Capital Ideas: Insights into Inventory Financing, Amazon Seller Funding, And FBA Loans
Posted on: June 6, 2019 | Posted by: Victoria Sullivan |
Finding the right product to sell on Amazon is key to success — but only if you’re able to keep it in stock. This can be hard to do when Amazon’s two-week payment delay makes it difficult for you to invest in resupply orders as you need them, which is why many e-commerce sellers turn to inventory financing (options to obtain Amazon seller funding such as an FBA loan).
If you’ve done any research into the world of financing, you know it’s a vast and often confusing space. After all, there are a plethora of options, each with a different target customer, use case, price, you name it. How do you know what’s right for you — or if financing is even your best option?
Here, we break down everything you need to know about inventory financing so you can make the right decision for your business and its growth:
HOW FINANCING CAN HELP YOUR BUSINESS
While there are many advantages to getting outside financing, two that stand out include preventing an Amazon stockout and maximizing your chances for growth. Let’s take a look:
Avoiding the Dreaded Amazon Stockout
No matter how sound your inventory management strategy is, it means nothing if you’re not able to pay for your resupply orders when you need them. As you likely know, running out of stock can be detrimental to your business. Not only do you lose sales and SEO rank, but you could also lose your ability to sell altogether, ruining all the time, effort and money you’ve put into your business thus far. At the end of the day, you can’t grow if you can’t sell, you can’t sell if you don’t have a product, and it’s hard to get the product when you don’t have consistent cash flow.
Fortunately, outside financing can help you prevent a stockout from happening in the first place. And, thinking about all that you stand to lose from sticking out, financing might be a lesser cost to your business in the long-run.
No More Missed Opportunities
Have you thought about the opportunity cost associated with financing? In other words, how much do you have to gain from getting a loan vs. not getting one? As we just outlined, not being able to buy inventory as you need it puts you at risk of a stockout, which comes with a host of money-losing consequences. But that’s not all you could experience when you’re strapped for cash.
Think about the opportunities for growth that you could miss as well. For example, your supplier runs a flash sale on inventory that, if leveraged, would help you increase your margins. Whatever the case may be, being more flush with cash than you are now will open the door to even more profit in the future.
Think of Financing As A Tool
At the end of the day, it’s important to remember that business financing is a tool for growth. After all, it exists to help you invest in opportunities that will take your business to the next level. In fact, most reputable business lenders won’t even give you financing if you can’t demonstrate that your business is on a growth trajectory.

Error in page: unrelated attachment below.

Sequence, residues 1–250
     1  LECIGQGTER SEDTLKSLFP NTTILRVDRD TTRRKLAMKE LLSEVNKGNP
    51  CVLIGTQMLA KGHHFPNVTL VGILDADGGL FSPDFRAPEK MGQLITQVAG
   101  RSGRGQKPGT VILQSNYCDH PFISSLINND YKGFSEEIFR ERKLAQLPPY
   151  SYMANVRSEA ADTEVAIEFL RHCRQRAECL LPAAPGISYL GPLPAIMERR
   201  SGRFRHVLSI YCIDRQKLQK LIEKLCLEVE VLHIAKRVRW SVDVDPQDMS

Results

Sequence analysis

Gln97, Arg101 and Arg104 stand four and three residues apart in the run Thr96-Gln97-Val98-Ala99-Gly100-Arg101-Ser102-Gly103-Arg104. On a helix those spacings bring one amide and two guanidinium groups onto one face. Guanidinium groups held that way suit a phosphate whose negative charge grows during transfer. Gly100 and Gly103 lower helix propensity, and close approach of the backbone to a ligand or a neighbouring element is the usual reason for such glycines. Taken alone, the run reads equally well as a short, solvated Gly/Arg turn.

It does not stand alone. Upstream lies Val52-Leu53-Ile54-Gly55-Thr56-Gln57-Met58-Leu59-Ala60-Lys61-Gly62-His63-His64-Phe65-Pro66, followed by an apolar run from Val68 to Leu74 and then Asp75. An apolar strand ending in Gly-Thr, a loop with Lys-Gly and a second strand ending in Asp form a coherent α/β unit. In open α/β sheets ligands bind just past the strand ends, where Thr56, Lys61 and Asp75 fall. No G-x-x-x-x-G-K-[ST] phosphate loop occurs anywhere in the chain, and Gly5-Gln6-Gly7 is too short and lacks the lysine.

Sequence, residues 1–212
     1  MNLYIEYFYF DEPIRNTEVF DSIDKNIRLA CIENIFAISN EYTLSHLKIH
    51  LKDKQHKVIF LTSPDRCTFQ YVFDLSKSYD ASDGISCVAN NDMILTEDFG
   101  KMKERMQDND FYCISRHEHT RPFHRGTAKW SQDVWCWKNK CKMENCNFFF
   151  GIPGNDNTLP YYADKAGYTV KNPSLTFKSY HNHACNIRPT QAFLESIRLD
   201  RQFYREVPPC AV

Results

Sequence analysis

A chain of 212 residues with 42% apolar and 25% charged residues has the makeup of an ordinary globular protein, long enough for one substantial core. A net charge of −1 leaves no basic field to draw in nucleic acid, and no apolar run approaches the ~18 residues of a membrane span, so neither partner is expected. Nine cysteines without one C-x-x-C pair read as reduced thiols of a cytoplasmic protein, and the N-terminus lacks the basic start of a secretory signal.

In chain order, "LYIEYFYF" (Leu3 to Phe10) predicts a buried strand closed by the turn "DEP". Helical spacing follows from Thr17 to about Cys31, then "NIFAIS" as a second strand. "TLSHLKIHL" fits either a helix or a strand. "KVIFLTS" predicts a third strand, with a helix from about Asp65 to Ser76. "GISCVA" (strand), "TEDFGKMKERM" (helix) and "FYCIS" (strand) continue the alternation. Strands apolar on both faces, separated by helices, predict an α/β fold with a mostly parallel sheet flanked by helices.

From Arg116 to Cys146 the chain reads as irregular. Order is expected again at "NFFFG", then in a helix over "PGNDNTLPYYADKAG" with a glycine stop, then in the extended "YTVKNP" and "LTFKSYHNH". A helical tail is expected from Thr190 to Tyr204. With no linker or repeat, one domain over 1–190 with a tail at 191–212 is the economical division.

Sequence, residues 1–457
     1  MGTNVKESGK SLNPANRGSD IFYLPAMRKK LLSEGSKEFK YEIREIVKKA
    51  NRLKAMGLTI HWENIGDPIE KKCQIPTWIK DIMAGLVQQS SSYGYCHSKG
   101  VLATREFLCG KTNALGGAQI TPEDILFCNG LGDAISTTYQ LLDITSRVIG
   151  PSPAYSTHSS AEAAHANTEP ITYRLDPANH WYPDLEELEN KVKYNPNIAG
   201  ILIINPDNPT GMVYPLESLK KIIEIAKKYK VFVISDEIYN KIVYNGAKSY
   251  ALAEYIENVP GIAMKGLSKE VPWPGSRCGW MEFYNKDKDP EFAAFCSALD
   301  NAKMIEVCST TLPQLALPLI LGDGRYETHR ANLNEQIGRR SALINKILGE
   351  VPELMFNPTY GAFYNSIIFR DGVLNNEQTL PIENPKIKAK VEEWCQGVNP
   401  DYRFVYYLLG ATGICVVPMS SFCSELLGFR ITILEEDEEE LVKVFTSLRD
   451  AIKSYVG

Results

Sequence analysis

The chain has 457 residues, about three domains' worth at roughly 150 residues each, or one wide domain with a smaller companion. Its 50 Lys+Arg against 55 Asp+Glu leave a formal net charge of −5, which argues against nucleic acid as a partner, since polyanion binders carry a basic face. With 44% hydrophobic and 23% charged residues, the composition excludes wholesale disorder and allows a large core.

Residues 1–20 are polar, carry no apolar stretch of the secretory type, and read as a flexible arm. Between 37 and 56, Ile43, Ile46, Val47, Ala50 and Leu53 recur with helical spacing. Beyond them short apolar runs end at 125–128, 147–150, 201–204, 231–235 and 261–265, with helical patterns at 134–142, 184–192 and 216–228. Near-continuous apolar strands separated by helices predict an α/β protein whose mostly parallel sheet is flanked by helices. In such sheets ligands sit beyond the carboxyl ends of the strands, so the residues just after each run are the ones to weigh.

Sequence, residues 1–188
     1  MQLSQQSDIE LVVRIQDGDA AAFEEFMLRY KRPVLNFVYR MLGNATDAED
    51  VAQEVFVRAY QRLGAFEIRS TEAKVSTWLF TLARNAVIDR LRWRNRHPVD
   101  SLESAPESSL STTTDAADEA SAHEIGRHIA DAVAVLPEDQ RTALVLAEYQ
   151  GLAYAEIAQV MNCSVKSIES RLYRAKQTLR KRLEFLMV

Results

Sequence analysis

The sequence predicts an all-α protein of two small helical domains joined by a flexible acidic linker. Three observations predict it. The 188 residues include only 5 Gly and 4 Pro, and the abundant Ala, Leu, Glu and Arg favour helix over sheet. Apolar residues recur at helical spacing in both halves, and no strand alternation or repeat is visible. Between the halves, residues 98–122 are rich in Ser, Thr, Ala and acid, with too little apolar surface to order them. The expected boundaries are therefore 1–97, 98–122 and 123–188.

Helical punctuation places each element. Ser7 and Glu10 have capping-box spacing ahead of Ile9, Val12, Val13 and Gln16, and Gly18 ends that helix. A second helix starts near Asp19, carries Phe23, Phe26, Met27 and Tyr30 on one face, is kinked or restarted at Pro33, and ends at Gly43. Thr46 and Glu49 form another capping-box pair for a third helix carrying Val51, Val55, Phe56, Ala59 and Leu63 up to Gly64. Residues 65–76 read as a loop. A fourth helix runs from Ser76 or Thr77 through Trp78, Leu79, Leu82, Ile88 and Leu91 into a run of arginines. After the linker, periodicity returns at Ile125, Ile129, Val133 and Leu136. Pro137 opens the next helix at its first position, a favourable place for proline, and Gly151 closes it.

Once you have financing, you can also use it as a negotiating tool. In other words, if you can pay your suppliers early, for example, you could get better deals from them on things like unit cost, shipping fees, etc.
What is business financing not? It’s not personal financing — and you should make sure that you don’t pursue a personal loan for your business’s needs. As we just mentioned, business financing is a vehicle for growth; you stand to make more money than you borrow and owe with a business loan. With a personal loan, you may be more tempted to live beyond your means, which could quickly turn into a mountain of debt.
So which business financing options are right for you? Continue to the next section to find out.
Banks. Online Lenders. Marketplace-specific solutions. We break them all down below:
It seems like a no-brainer to go to your bank for financing, right? Unfortunately, banks rarely (if ever) lend to e-commerce sellers. In fact, most brick and mortar small businesses have trouble getting financing from banks. This is because banks have tedious application and review processes that require a lot of manual work, time and effort. It can take weeks or months to just get a decision. As a result, banks are more likely to lend large loan amounts to even larger businesses — i.e. $1 million loans to $20 million businesses. They simply can’t justify putting in the work for a five or six-figure loan amount.
Not only that, because e-commerce sellers have businesses that are most likely entirely online, it’s hard for banks to get a sense for your actual business. For example, they often require site visits as part of the application process, but if you run your Amazon business from your house, there’s not much “business” for them to see.
At the end of the day, banks simply don’t understand the e-commerce business model — even one built on a giant like Amazon — and instead deem your business too risky.
Credit Cards & Non-Bank Lenders
There are a host of other non-bank financing options you could consider, including: